By Helen Ovbiagele
For some time, I had this feeling that the Manufacturers Association of Nigeria (M.A.N.), which is the mouth-piece of manufacturers in Nigeria, had stopped functioning, since I’ve not been reading of its reactions to government’s policies regarding the production sector in this country.
In the seventies and the eighties, the association held sway and it was a force to be reckoned with. Foreign companies here at that time held it in high esteem, along with NECA., and they made it a point to join these organizations so that they could be part of active bodies of manufacturers and employers.
When recently I saw the headline ‘MAN lists woes, wants production tools duty-free’ in the Guardian, I rejoiced; ‘At last, MAN has woken up from its slumber’, I told myself. Maybe the body has not actually been asleep, who knows?
The piece which was written on a workshop organized by the Ministry of Trade and Investment in Lagos, showed that the association was still alive to its role in this country. Thank God! Part of it went, ‘Through the President of MAN, Chief Kola Jamodu, the industrialists particularly demanded the removal of duty or tariff on machinery and equipment, to stimulate activities in the manufacturing sector.
Chief Jamodu said there was need for the Federal Government to put in place measures that would expand domestic production, boost exports, generate employment and create a level playing field. He lamented the high cost of providing independent power to factories by MAN members, stressing that power supply account for 40% of production costs in Nigeria, compared to 5-10% in countries with more stable electricity supply. “It costs twice to manufacture a product in Nigeria than in China,” he claimed, noting that “Nigerian firms are going through hard times.”’
Of course they are, and have been for quite some time and through several administrations. MAN’s president’s statements are in line with my thoughts on the state of our manufacturing sector, and its contribution to the high rate of unemployment in the country.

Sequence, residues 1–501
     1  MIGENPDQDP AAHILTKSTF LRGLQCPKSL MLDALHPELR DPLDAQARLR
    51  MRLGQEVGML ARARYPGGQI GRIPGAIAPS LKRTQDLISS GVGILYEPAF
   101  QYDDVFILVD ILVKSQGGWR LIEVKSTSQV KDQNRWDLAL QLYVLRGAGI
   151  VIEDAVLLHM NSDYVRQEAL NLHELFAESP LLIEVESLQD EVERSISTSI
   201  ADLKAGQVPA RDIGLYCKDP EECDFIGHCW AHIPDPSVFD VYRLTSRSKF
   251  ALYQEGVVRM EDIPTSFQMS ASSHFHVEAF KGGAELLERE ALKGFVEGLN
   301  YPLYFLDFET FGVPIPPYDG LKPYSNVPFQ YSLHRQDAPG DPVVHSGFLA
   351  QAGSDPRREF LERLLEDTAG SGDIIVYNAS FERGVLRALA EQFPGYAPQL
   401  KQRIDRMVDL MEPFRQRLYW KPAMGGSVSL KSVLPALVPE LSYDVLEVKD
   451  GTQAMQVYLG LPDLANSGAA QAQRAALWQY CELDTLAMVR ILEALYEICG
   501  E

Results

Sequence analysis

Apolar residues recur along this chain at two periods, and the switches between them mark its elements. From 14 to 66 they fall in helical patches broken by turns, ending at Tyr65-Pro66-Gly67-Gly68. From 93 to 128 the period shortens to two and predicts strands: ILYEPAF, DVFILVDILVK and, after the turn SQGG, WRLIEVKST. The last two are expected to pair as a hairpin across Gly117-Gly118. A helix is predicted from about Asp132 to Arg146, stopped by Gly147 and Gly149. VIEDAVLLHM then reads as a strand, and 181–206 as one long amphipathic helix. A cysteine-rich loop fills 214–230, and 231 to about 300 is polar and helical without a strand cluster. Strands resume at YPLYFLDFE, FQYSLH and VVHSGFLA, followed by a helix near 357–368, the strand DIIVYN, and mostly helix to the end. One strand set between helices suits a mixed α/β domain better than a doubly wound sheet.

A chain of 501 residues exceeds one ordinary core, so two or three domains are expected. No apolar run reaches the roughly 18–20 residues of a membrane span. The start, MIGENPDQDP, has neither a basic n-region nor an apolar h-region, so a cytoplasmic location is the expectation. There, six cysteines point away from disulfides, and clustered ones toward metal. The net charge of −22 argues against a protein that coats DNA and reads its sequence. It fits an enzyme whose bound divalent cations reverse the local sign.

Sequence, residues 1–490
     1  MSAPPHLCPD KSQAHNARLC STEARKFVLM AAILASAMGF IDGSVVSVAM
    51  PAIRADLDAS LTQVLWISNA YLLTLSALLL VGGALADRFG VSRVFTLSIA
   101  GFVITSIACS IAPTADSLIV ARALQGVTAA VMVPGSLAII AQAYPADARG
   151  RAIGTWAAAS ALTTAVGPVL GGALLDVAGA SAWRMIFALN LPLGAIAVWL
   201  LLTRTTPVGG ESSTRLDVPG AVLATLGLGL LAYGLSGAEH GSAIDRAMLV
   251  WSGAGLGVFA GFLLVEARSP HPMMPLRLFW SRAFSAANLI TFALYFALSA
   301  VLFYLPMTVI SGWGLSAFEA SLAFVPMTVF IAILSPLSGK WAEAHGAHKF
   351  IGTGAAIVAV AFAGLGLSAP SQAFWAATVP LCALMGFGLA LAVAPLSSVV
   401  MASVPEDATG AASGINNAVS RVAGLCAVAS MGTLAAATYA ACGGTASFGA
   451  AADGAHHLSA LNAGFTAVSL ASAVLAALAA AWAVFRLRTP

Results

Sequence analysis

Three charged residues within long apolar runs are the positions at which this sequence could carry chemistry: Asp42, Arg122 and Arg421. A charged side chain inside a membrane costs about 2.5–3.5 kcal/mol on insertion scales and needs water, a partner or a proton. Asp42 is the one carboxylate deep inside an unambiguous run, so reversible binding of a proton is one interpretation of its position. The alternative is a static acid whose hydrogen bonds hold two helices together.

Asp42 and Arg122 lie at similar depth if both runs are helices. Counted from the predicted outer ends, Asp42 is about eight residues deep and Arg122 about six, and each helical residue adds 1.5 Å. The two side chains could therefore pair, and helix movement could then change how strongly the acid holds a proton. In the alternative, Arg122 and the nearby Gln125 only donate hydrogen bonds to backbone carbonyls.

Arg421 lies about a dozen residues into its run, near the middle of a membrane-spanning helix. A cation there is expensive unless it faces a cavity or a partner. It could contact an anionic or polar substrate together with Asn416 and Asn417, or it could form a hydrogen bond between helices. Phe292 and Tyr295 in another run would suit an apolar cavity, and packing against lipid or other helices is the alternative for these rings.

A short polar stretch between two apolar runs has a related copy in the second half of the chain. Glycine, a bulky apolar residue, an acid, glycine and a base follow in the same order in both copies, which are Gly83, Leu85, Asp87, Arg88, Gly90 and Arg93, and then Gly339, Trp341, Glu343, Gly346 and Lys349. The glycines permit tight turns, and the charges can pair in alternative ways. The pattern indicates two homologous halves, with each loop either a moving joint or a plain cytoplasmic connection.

We all know that a high rate of unemployment without the cushion of unemployment benefits from the government, like in some western countries, leads to intense financial hardship in the land, a high rise in criminal activities, unwanted pregnancies and abandoned babies. Everyone of us is affected by at least the effect of one of these; if not directly, then by proxy.
If you have a job or run a good business and are comfortable, criminal activities in one form or the other, could prevent the growth of your wealth/business, and stop you from enjoying the fruits of your labour in peace. So, we all have to be concerned about the state of our industries, and anxious about the issue of high unemployment in this country.
One doesn’t have to be an expert to reason that the establishment of industries is a plus for any country. Big ones; small ones – they are all important to our well-being. Most Nigerians are enterprising and they would struggle to find a means of livelihood. Look at the various ways our women who do not have much education eke out a living to sustain their families!.
They work on the farm if they’re in the rural area, cultivate cassava and engage in the back-breaking task of turning it into garri, fufu, lafun, etc. Some are hunters of small animals; some gather fire-wood for sale; some fish; and others sell one thing or the other.